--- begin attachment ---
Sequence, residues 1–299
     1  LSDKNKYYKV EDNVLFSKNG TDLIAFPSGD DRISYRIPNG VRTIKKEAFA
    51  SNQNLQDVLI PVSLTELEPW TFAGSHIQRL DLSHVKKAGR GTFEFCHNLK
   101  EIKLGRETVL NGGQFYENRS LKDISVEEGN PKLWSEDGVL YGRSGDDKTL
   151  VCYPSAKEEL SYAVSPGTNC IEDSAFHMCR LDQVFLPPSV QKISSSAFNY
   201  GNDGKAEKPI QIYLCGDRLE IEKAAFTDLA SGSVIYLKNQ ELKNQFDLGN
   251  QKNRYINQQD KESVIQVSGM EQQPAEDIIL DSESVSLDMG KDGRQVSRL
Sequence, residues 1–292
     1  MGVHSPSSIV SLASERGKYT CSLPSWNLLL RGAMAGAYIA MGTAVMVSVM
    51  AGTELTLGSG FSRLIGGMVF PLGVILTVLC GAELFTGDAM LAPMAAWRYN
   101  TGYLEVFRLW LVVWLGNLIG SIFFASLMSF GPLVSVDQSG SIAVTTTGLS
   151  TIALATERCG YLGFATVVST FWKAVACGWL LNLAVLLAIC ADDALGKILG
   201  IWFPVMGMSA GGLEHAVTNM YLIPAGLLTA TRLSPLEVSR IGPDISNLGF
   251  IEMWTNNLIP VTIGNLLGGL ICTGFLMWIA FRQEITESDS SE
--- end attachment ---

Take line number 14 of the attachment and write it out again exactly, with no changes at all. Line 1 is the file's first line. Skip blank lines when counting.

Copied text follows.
   251  IEMWTNNLIP VTIGNLLGGL ICTGFLMWIA FRQEITESDS SE